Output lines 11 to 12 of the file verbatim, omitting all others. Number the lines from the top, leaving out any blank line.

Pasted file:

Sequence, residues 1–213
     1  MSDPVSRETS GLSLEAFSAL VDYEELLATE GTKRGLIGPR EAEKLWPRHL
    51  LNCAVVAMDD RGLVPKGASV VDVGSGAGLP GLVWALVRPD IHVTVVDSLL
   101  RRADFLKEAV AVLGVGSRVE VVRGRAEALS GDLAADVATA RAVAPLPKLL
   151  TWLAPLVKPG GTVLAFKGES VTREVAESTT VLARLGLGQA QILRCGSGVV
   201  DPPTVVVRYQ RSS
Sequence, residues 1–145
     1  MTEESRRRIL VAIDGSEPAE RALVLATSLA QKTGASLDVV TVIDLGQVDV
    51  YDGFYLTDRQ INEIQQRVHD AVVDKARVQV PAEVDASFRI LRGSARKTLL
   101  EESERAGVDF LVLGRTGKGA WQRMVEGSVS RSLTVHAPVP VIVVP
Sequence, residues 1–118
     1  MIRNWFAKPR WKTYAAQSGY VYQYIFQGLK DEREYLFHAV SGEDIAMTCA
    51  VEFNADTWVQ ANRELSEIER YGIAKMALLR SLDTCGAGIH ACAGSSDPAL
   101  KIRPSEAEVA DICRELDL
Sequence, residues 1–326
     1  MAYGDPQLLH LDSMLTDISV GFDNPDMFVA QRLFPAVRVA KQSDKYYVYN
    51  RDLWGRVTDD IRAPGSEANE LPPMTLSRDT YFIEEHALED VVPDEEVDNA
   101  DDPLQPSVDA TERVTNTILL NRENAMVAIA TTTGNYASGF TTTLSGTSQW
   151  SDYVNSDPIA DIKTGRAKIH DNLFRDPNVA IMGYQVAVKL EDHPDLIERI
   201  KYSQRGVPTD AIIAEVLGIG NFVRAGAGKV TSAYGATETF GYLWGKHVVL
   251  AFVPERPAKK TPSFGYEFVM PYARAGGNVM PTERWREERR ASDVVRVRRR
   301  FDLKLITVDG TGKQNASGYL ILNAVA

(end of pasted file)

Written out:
Sequence, residues 1–118
     1  MIRNWFAKPR WKTYAAQSGY VYQYIFQGLK DEREYLFHAV SGEDIAMTCA